Come back Beth.

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  30. Matt

    Hey Mary Mary.
    They should be fired. Pronto. 47-55k/yr, retire with pension at 50, no deductible, etc. That ain’t crumbs, and it ain’t busboy pay either. It’s pretty darn good for unskilled labor. And it’s illegal (for good reason!) for them to strike.
    But what surprises me most about the so-called “progressives” here, is that they don’t see who this strike is hurting the most. It’s the people on hourly wages making far less than 50k/yr, the small business owner who is losing out on the busiest time of the year. And you’re backing the unions? For what? So they can retire at 50. You don’t need an economics degree to see that the state will be supporting most of these folks for more years than they worked.
    This is absolutely crazy, and I’m relieved that most here are able to see it more clearly.

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  31. Deb

    I really hate the term “real New Yorker”. I grew up in and around NYC. Our Sunday papers were Newsday and The Times. We watched Chuck Scarborough, Jack Cafferty and Sue Simmons on the news. I’ve lived in Chicago for the last five years, and was crippled by the fact that I was here during 9/11. I felt like I had no right to mourn, no right to call NY *my* city, despite the fact that I hadn’t even been gone a year.
    It’s not just that my family and friends live in NY that I pay attention to and empathize with blackouts, snowstorms, elections, strikes. It’s because NY has been and always will be home, no matter where my body resides, no matter who I vote for, no matter how much I make, and no matter whose side of an ideological argument I’m on.

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  32. Tim

    CP-
    Truce happily declared! Peace with Honor! J. Boogie sent to the Hague To Be Tried On Charges of Being a Fucking Moron!
    Caveman-no argument from me on binding arbitration. Would’ve been a much more likely outcome had the MTA been bargaining in good faith from the beginning instead of screwing around (e.g.,”We’re broke…uh, wait a minute, here’s a billion bucks, no you can’t have any of it, by the way, we will begin fucking with your pensions immediately…”) because they thought no strike was possible.
    To the rest of you hung up on the salaries. You got me. There apparently are around 35,000 people (mostly black—Jimmy Breslin has been all over the Katrina-esque race factor that a lot of you white faux liberals don’t want to get into) who quite possibly are enjoying a middle-class existence (your standard of), health coverage with no through-the-nose premiums, and a decent pension in America’s largest city in 2005 A.D. Clearly, these people must be stopped and crushed. I mean, it’s not going to stop here, folks. What is next? Covering some of the 45 million people in this country who lack health insurance? For the love of God! What will they tell the children?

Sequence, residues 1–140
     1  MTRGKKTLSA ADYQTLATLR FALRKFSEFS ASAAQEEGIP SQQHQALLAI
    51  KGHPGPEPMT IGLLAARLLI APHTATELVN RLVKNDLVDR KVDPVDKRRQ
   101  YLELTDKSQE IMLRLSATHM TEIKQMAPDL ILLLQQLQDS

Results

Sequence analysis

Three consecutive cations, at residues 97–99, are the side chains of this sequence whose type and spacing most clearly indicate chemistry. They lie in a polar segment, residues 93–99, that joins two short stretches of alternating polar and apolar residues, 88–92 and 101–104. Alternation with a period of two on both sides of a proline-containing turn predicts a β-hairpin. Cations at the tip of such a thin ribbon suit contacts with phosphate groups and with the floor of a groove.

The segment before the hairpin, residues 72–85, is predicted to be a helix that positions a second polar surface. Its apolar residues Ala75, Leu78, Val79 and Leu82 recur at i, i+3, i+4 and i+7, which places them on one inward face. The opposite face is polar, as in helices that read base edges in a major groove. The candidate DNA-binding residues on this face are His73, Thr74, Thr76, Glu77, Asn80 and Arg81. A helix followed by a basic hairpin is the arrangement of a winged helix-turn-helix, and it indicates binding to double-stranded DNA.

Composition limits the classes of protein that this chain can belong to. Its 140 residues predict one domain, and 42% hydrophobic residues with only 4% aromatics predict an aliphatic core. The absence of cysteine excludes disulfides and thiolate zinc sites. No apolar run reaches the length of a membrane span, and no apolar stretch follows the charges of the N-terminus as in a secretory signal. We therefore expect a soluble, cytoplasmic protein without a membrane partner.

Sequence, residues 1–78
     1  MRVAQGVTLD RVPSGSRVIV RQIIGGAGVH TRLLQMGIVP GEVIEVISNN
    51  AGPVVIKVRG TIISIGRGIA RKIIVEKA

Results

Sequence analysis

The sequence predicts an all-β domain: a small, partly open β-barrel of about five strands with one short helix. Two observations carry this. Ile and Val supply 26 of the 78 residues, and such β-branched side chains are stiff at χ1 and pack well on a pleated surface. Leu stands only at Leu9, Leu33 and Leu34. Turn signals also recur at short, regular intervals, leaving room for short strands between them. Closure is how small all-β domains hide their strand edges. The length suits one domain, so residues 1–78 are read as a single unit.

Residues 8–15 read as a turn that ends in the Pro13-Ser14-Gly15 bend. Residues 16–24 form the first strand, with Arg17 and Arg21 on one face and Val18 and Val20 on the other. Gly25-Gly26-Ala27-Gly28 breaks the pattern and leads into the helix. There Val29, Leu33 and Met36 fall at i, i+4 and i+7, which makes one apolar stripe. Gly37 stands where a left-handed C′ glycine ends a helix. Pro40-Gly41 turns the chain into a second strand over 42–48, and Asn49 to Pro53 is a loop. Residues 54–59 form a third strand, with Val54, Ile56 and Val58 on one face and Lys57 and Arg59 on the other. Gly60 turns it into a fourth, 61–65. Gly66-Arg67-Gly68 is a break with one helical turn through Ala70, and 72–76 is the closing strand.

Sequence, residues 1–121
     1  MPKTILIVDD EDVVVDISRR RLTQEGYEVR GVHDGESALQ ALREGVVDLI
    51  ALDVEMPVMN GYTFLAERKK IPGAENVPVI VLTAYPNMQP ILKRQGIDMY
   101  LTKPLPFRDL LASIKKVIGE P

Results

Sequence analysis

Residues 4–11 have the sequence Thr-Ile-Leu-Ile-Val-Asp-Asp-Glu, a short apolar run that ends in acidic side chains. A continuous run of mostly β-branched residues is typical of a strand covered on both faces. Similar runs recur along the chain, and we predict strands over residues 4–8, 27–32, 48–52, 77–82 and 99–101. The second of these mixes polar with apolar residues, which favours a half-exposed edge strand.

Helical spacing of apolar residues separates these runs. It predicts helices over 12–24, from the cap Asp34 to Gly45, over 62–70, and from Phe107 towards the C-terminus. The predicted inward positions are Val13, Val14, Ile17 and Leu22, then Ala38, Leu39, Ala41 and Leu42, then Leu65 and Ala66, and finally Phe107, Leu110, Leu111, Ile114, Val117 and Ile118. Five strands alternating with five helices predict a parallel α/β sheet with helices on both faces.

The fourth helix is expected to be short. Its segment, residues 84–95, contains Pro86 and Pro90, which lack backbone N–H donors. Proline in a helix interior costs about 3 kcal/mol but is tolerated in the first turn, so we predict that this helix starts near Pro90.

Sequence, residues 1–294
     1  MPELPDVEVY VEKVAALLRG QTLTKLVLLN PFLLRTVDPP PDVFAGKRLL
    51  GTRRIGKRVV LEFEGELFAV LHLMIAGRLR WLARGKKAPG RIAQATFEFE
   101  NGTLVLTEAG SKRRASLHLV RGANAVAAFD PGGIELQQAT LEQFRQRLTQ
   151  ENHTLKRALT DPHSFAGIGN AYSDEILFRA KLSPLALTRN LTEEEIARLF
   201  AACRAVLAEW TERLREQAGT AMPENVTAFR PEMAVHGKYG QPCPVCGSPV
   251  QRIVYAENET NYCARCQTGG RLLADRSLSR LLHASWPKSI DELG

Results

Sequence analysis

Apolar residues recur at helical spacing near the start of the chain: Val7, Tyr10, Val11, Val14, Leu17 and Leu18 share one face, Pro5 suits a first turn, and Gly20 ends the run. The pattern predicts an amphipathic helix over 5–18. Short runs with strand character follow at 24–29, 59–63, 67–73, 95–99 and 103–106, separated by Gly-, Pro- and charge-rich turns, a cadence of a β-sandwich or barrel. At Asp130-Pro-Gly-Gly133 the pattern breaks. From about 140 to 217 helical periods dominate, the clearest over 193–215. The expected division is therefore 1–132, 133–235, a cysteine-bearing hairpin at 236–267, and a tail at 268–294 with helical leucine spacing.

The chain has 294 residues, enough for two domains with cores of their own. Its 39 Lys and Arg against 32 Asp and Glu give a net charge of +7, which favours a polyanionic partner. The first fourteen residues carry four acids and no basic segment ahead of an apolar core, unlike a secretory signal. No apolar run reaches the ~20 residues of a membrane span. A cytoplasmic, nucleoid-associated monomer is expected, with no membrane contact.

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  33. Matt

    Tim, the TWU was basically striking to avoid future employees from paying 6% into their pensions rather than the current 2%. Give me a break. That’s not unreasonable, considering their salary and benefits. After law school I interviewed with EPA HQ in DC (hardly an inexpensive place to live) and they were offering considerably less than 50k, which you called it “crumbs”. The strike wasn’t about respect, it was about greed. As for the “Katrina-esque race factor”, it didn’t exist. Breslin’s wrong, again.
    “Katrina Killed Across Class Lines
    “The well-to-do died along with the poor, an analysis of data shows. The findings counter common beliefs that disadvantaged blacks bore the brunt.”
    http://www.latimes.com/news/nationworld/nation/la-na-bodies18dec18,0,7754290.story

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  34. Tim

    From this morning’s Daily News…best news I’ve read in a while—
    In a WWRL poll, 71% of respondents blamed the MTA and only 14% blamed the transit workers, which Bishop said he found “a little surprising. I would have thought it would have been more even.”
    Almost every station that took calls found support for the transit workers. “I’ve used the transit system for years,” said Margaret, a caller to WOR, “and I’ve talked with many workers about the horrible conditions. We need to support them.”
    “Perhaps surprisingly, there’s a lot of support for the strike,” said WOR news director Joe Bartlett. He suggested residents were coping with the strike “because this is a city that doesn’t cave under pressure. New Yorkers thrive on adversity.”
    Matt, I forgot about all of those uptown, rich, white folks begging to be rescued off of their rooftops during Katrina. And Jimmy Breslin has no street credibility when it comes to knowledge and feel of New York City. I got it.

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  35. Matt

    There was a lot of support for the strike, eh? Sure. As for Katrina, read the LAT article, Tim. I really can’t blame you for being so misinformed. The media’s performance was shameful and misled lots of well-meaning folks.

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  36. Matt